As the number of homeless people began to rise in Fairfax County during the 1980s, Martha Pennino, then vice chairwoman of the Fairfax County Board of Supervisors, did what came naturally to her — she converted her Reston office's conference room into a makeshift homeless shelter.
A former social worker, Pennino was known for her compassion and commitment to human services during her 24-year tenure on the county board.
Pennino, who was 86-years-old, died last Friday as a result of Parkinson's disease at Fairfax Inova Hospital.
From 1968 to 1992, Pennino helped guide Fairfax County from a bedroom community into the modern, developed society it is today. Her leadership helped establish the Fairfax County Parkway and the Dulles Airport Access Road and preserve the Occoquan Watershed. She also helped establish the Fairfax County Human Rights Commission and brought Metro rail service and cable television service into the county.
"She was a great leader and a great friend," said Jack Herrity, the former chair of the Board of Supervisors who served alongside Pennino for 12 years.
AS RESTON AND VIENNA'S representative to the county board, Pennino had a major hand in shaping the communities. Particularly in Reston, she leaves a virtually unmatched legacy of government services and institutions.
"She was possibly the single most consistent and significant force in shaping Reston," said Reston attorney Michael Horwatt, Pennino's longtime friend and advisor. "Martha had the vision to understand what this community meant and what it could become."
She was directly responsible for bringing to the Reston community parks, schools, police and fire stations, the Reston Regional Library, the Embry Rucker Community Shelter, South Lakes High School, Reston Town Center, Reston Hospital Center, the Dulles Airport Access Road and the Fairfax County Parkway.
"Reston wouldn't be here if it wasn't for her," said Linda Singer, a Reston resident who worked on several of Pennino's campaigns. "Bob Simon founded Reston, but she made it happen. Reston owes her a big debt."
SHE WAS KNOWN by many of her constituents as "Mother Fairfax" because she took such good care of the people living in her district, which was then called the Centreville District and now known as the Hunter Mill District.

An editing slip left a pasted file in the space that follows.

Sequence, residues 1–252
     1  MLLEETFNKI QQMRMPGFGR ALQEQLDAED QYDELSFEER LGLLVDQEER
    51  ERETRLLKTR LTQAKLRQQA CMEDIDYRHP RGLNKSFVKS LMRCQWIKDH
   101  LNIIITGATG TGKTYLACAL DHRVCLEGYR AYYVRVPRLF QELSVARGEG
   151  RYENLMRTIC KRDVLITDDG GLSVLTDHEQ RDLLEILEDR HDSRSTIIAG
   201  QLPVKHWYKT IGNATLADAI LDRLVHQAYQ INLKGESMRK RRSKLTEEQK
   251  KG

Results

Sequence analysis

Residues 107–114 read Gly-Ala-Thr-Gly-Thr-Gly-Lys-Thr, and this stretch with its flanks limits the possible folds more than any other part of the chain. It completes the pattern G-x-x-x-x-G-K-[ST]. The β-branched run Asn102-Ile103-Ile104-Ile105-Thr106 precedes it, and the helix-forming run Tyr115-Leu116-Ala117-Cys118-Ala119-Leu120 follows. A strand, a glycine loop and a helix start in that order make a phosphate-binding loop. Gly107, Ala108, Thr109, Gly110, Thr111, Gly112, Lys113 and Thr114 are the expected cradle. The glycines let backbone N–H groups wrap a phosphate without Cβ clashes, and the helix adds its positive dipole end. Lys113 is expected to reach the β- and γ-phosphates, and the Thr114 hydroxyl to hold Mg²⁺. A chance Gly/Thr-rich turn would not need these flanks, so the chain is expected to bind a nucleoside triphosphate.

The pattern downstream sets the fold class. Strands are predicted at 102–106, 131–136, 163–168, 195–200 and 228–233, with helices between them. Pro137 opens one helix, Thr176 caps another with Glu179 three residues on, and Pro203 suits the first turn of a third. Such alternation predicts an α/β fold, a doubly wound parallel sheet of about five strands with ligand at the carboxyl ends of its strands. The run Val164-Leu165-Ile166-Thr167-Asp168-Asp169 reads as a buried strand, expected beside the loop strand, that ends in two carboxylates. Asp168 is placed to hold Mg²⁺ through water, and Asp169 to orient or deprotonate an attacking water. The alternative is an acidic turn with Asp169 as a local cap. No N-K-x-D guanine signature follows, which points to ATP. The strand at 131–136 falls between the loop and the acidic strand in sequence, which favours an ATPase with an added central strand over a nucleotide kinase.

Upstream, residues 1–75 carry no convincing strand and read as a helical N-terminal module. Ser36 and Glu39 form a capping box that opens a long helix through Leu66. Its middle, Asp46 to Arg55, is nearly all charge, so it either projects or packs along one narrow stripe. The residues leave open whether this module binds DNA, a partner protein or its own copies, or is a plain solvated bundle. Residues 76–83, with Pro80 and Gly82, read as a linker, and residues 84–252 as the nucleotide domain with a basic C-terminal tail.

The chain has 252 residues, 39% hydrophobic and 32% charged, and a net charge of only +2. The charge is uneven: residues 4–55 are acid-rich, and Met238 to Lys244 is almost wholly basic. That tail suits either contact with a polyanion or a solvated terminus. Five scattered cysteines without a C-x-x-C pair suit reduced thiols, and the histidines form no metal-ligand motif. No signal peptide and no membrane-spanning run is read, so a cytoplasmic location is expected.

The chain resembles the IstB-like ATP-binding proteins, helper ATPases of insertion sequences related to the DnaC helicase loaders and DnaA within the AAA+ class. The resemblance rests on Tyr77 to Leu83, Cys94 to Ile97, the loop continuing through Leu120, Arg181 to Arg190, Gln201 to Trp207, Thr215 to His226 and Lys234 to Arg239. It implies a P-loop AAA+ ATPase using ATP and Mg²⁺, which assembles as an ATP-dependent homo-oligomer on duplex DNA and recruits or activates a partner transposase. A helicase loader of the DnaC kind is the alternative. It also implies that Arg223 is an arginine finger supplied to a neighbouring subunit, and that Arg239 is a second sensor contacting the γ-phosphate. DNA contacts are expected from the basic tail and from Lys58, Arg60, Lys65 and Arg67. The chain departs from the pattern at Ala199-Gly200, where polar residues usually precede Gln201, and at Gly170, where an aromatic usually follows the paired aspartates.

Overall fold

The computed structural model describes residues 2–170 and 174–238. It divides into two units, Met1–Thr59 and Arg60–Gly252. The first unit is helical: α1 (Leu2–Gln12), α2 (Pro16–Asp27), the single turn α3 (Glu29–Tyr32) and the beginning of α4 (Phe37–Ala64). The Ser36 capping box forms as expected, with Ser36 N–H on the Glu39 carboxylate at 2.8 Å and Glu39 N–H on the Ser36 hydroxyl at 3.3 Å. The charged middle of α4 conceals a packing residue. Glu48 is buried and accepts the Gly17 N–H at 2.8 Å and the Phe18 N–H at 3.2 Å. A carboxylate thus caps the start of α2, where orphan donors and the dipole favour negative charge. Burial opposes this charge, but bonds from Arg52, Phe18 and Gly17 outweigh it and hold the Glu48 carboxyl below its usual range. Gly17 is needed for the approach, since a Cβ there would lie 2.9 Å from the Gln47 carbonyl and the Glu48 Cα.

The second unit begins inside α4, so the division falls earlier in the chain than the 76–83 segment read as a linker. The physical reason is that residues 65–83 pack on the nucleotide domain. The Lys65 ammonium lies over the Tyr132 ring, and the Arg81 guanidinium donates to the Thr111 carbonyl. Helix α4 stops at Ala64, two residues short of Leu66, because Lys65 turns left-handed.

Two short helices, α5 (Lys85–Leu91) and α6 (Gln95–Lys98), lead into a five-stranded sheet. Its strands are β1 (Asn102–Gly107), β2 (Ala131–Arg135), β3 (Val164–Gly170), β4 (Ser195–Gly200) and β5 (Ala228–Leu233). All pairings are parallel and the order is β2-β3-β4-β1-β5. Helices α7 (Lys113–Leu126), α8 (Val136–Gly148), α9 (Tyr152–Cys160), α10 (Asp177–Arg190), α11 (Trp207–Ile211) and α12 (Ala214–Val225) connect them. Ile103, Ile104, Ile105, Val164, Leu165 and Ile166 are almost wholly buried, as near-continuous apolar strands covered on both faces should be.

"She worked diligently to make sure that every county resident could benefit from everything that Fairfax County had to offer," said Bonita Pennino, her oldest daughter.
Pennino's commitment to human services was commemorated in 1994, when the Fairfax County Human Services Center in Fairfax was dedicated in her name.
She was also regarded as firm supporter of equality, fighting against discrimination and for affordable housing in the county. The subsidized housing complex in Reston, Southgate Village Apartments, was one of several developments she helped secure for her district's low-income residents.
"Martha was a real champion of the most vulnerable," Horwatt said.
PRIOR TO BEING elected to county office in November 1967, Pennino served three terms on the Vienna Town Council, with one term as the town's vice mayor.
She retired from politics after she was unseated from the Board of Supervisors by Republican Bob Dix in 1991, though she did serve recently on the board for Fairfax Water.
Also, she served over the years on George Mason University's Board of Visitors, on the advisory board for the Northern Virginia Youth Services Coalition, and as president of the Virginia Municipal League.
In 1985, she was awarded the Tom Bradley Regional Leadership Award by the National Association of Regional Councils for her efforts to develop the region's first energy policy, the area's first car pool program and a fair share housing program. The following year, Washingtonian Magazine named her "Washingtonian of the Year."
"She was a force that really impacted the whole region," Horwatt said.
PENNINO SPENT her last years living in Heron House at Lake Anne Village Center.
She was frequently seen sitting out on the plaza at il Cigno's, greeting the many Reston residents who stopped by to speak with her.
"She would look out over the plaza and people would always come by and say hello," Singer said. "She just loved it. She was a neat lady."